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government and society

The price of civil peace

16.08.2013 | Vitaliy Pyrovych

Ukrainians are not ready to defend their choice by force regardless of the alternative

At the beginning of independence many predicted for Ukraine the unenviable fate of the majority of post-Soviet countries, where hot spots appeared. Many claimed that Ukrainians are so different that in combination with external irritants this will inevitably lead to the appearance of a Ukrainian "Transdnistrias”, “Ossetia and Abkhazia’, “Karabakh and Chechnya” and “Fergana Valleys”. Foreign policy analysts pointed to Crimea as the epicenter of domestic instability. These forecasts were partially well-grounded, though the future showed that pessimists strongly underestimated the peacefulness of Ukrainians and their inclination to searching for compromise

Voluntary “pacification” of Crimea

Up until now Crimea remains the main symbol of regional separatism in Ukraine, which is reflected in its special official status of an autonomous republic. At that, the Autonomous Republic of Crimea is also a vivid example of how one can do without a civil war even in the most complicated situation. As a reminder, as soon as Crimea felt the smell of Ukraine’s independence, discussion opened about divorcing Kyiv. A year before Ukraine voted for independence, the peninsula became an autonomous republic inside the Ukrainian Soviet Socialist Republic. Meanwhile, then the local Communist elite held a referendum about autonomous status in January 1991 intending to turn Crimea into an independent state of the USSR. After the Soviet Union collapsed, the choice between new Russia and Ukraine was put on the agenda in Crimea. At that moment, Kyiv quite successfully played on controversies among Crimean separatists, who factually split into two groups. Supporters of the new Russia led by first and only president of the ARC Yuriy Meshkov and the Crimean Parliament Speaker Serhiy Tsekov lost their war in 1992-1994. Those inclined to strike an agreement with Kyiv’s so-called “communist reserve” managed to preserve influence in Crimea and paid for it by recognizing Kyiv’s supremacy.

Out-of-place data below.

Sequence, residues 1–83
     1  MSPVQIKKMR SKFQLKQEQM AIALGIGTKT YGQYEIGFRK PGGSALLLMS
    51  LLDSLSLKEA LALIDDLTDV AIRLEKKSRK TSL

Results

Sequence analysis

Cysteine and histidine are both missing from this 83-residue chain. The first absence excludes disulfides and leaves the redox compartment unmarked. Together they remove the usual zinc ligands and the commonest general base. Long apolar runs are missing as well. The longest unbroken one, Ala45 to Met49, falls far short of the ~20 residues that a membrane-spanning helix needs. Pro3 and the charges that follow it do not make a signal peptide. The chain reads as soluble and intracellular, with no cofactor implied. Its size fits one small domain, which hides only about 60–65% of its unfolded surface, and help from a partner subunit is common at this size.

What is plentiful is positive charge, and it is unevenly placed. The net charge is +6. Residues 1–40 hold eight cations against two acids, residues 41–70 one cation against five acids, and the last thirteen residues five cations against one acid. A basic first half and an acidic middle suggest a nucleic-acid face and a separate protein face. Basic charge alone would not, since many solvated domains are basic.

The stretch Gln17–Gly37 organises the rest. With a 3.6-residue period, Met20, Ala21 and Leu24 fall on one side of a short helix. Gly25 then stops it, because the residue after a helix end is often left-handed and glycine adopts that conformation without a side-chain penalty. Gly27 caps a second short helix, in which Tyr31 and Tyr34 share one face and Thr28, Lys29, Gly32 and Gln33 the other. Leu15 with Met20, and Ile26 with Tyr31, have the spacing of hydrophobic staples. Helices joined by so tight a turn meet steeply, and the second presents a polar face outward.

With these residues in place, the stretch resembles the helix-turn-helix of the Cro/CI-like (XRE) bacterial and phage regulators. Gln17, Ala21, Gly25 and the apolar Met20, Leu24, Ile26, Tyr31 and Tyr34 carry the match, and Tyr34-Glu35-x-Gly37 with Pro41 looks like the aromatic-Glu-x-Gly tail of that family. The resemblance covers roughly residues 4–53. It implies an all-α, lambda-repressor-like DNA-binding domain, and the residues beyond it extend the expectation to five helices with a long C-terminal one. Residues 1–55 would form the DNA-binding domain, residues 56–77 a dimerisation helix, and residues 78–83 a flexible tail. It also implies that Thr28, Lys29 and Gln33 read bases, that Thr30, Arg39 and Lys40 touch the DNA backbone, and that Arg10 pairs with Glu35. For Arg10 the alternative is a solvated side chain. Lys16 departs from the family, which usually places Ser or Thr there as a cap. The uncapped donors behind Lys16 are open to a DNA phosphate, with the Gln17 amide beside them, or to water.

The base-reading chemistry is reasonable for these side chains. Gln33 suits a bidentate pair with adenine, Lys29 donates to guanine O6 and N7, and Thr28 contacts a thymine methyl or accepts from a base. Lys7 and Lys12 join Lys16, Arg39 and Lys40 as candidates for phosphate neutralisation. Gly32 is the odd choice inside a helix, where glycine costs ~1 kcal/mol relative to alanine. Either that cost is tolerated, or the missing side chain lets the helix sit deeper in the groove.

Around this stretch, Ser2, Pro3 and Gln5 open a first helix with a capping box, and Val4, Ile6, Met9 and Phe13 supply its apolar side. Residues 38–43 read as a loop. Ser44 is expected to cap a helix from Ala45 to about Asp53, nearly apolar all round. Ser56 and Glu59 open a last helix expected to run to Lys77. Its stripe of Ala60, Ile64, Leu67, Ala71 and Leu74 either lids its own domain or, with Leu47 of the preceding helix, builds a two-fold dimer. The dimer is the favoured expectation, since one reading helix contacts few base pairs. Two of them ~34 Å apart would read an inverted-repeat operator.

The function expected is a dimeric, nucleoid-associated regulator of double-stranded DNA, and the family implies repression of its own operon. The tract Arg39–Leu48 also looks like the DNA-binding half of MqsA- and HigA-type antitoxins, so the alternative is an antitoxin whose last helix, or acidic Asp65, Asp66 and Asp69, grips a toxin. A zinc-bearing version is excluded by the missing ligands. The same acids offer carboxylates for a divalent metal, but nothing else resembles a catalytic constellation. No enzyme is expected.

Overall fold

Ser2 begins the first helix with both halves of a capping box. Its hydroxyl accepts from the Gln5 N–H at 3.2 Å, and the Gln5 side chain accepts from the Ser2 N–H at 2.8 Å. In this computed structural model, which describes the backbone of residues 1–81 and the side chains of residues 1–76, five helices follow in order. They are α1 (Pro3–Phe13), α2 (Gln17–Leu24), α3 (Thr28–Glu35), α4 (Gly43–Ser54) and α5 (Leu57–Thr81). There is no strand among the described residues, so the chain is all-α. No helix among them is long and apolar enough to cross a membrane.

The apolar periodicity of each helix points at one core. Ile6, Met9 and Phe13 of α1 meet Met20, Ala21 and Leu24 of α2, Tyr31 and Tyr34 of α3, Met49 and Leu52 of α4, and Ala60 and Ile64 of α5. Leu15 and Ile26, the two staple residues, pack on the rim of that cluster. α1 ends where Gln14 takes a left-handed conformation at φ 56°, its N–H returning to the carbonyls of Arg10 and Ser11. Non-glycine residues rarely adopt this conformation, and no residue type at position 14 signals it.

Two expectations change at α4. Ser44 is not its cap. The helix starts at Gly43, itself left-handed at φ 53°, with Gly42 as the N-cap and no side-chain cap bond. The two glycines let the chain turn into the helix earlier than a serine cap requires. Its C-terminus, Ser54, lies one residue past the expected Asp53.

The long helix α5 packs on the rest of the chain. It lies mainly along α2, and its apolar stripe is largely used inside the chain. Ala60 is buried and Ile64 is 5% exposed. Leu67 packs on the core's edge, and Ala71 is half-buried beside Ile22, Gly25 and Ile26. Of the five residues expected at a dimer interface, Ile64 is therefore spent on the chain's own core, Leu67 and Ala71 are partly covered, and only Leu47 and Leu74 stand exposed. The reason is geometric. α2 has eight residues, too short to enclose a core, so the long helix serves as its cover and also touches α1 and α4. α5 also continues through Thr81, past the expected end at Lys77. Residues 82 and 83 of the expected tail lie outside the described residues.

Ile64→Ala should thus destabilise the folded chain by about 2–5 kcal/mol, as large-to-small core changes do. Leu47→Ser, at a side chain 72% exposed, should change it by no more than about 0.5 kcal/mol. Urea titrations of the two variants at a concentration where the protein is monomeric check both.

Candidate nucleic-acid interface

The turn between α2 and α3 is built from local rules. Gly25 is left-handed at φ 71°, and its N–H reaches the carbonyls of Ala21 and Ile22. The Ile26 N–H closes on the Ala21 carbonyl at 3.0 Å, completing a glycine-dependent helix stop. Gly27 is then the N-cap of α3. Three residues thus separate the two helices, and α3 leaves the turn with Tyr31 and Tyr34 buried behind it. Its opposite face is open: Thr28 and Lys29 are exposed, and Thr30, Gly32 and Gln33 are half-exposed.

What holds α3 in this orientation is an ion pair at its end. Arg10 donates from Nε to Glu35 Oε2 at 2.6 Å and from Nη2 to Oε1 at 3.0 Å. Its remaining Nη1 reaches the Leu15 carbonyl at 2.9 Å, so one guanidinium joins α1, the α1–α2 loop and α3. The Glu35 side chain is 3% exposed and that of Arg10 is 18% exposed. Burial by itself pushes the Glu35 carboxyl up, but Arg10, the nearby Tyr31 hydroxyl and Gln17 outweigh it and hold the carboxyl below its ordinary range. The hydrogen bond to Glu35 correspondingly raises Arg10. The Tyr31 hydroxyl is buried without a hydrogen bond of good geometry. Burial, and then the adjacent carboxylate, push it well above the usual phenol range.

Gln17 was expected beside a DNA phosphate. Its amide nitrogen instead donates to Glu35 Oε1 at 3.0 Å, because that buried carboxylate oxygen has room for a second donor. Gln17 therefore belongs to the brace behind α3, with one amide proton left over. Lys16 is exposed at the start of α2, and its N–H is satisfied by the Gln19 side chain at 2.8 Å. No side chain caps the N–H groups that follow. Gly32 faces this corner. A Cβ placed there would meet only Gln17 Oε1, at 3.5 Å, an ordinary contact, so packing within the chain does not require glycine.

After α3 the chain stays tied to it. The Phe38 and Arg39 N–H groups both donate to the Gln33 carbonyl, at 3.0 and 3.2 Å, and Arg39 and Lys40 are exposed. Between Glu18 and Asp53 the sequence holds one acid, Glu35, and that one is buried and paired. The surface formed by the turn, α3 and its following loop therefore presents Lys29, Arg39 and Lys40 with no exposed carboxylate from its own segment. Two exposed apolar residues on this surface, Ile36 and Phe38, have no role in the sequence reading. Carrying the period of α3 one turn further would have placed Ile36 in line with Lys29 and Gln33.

This is a simple version of history of the battle of political elites. What is more important, this battle took place on the background of the practically total indifference of Crimean citizens. They supported Meshkov, though categorically disagreed to fight for him.

The vast majority of Crimean residents, as Ukrainians in general, fully agreed with the statement “bad peace is better than good quarrel”.  Noteworthy, around 55% of Crimeans voted in favor of Ukraine’s independence on December 1, 1991. In particular, in Sevastopol 57% residents voted for independence. Although these are some of the lowest indicators in Ukraine, they still prove that the majority chose independence.